• Continue to pay a debtor contribution order for 48 months where applicable.
  • Comply with the Trustee’s request to confirm their financial circumstances every 6 months.

Minimal Asset Process (MAP)

MAP Bankruptcy is a shorter form of Bankruptcy designed for people who are unable to make any payment towards their debts and have assets of very limited value. To quality for MAP an indiviudal must have unsecured debts of less than £25,000, be assessed as either having no disposable income, or only have income which comes from state benefits, and not own any assets worth more than £1,000, with the exception of a car which is reasonably required and is worth less than £3,000. A Certificate for Sequestration which has been signed by an authorised money adviser will also be required.

Debtor Contribution Order (DCO)

A DCO describes the regular payments a bankrupt individual needs to make to their Trustee for up to 4 years. It is calculated based on their disposable income after having met day to day living costs. If the individual’s income only comes from state benefits, the DCO will be set at zero.

Money Adviser

A money adviser is someone who can help explain the options available to address problem debt.

Money Helper

Money Helper brings together the support and service of three government-backed financial guidance providers: the Money Advice Service, the Pensions Advisory Service and Pension Wise. It can provide in depth guides to help improve finances as well as tools and calculators to help keep track and plan ahead for the future.

Credit File

A Credit File contains history of an individual’s debts, how regularly they’ve paid them, and any court judgements related to their debts. Elements of a credit file are removed after 6 years.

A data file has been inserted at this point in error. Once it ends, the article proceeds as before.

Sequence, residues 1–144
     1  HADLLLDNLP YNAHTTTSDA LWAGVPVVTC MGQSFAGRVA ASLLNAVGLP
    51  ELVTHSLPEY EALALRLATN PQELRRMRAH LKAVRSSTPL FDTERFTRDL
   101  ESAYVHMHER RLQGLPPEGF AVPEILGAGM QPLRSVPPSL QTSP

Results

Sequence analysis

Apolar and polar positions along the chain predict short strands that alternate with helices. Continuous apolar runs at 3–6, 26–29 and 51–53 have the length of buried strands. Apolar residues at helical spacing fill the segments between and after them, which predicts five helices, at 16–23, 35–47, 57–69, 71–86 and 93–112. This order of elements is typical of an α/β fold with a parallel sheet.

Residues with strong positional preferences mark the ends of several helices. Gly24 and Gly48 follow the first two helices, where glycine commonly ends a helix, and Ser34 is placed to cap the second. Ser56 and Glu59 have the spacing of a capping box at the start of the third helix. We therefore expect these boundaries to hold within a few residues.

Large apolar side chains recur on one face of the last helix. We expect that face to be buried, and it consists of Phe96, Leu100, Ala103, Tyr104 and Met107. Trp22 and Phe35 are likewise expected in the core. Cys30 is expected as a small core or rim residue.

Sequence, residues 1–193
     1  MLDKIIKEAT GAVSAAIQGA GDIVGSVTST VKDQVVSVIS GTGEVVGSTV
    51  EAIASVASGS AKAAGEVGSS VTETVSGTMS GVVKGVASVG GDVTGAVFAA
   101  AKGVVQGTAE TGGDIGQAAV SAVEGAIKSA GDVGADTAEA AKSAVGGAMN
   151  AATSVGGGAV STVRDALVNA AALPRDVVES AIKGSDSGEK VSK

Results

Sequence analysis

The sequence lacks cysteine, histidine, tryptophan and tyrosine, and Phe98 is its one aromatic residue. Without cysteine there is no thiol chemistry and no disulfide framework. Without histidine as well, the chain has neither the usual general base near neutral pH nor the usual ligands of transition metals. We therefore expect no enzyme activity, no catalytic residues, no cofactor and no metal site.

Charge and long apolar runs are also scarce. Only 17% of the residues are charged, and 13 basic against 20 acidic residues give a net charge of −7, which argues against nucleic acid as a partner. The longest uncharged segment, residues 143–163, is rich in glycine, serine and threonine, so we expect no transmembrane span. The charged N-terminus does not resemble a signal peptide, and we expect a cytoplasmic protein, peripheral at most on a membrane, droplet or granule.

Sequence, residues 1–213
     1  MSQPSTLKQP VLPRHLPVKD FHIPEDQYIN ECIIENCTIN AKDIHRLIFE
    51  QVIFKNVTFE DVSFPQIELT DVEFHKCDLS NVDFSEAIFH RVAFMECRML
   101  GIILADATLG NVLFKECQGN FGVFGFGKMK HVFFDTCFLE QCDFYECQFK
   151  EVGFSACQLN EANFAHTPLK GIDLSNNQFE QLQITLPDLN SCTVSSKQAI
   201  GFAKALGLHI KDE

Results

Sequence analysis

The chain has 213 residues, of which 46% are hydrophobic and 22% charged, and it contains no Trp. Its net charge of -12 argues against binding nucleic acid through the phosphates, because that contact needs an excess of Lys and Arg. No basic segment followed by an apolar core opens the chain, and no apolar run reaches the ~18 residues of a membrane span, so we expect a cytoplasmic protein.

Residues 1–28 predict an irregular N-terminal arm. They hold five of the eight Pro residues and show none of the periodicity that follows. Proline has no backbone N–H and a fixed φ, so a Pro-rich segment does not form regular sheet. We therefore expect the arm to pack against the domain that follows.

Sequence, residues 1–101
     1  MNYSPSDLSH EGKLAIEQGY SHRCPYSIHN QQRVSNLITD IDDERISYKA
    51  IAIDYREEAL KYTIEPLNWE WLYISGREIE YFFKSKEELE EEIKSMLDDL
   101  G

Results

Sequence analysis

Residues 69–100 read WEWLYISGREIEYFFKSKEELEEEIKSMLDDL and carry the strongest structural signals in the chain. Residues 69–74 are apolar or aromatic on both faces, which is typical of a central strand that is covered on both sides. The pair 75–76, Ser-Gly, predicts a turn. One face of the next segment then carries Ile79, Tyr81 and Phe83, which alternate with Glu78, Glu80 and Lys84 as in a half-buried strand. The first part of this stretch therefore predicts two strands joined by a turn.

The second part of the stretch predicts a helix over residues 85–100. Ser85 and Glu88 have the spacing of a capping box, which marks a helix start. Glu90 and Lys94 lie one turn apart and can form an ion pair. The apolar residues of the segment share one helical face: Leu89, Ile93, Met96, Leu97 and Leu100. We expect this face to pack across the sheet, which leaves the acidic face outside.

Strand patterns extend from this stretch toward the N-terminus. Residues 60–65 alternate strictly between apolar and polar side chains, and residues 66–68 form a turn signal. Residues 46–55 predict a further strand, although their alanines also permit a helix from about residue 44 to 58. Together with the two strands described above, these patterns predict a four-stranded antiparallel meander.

Credit Score

A Credit Score is a score that credit reference agencies assign to a credit file based, in part, on how someone has managed their credit. The scores are created by the credit reference agencies based on their own metrics and don’t define whether a lender will lend to an individual. That decision is made by lenders on an individual basis, considering many factors.

Credit Reference Agency

A Credit Reference Agency is a company that securely holds data about people, such as credit applications, credit accounts and information on how those accounts have been maintained.

Dividend

Dividends are the payments distributed by a Trustee to creditors during the administration of a personal insolvency solution (Protected Trust Deed or Bankruptcy in Scotland)

Register of Insolvencies

The Register of Insolvencies is a public database of everyone in Scotland that is currently or has recently been in a Protected Trust Deed or Bankruptcy. Entries on the ROI are removed one year after the Trustee has been discharged.

Continuing Money Adviser

A Continuing Money Adviser is someone who helps and advises an individual or couple throughout the entire duration of a debt payment programme under the Debt Arrangement Scheme. For example, if circumstances change and the individual(s) can no longer afford the agreed payments, the Continuing Money Adviser would help find a new affordable amount and negotiate this with your creditors.

Debt Relief Order (DRO)

A DRO is a debt solution in England, Wales, and Northern Ireland. It is shorter than bankruptcy and designed for people with debts less than £30,000, little to no spare income and who do not own their own home. It is like a MAP in Scotland but there are key differences.

Other Resources

23 signs your debt might be unmanageable

Time to read – 7 mins 5 seconds. In this article we list 23 different warning signs your debt may be becoming unmanageable. Speak to Cleanslate for debt advice.

Read more

How Creditors Can Make You Bankrupt

Time to read: 5 minutes 50 seconds - If you’ve been struggling to pay your debts, you may be wondering how long it will be before your creditors start to take more serious steps to recover the debt. Find out in this article.

Read more

Debt Arrangement Schemes vs Debt Management Plans – What’s the Difference?

Time to read – 4 mins 10 seconds It’s easy to get confused about debt, especially when so many of the different solutions have similar names. No better example of this exists than when comparing Debt

Read more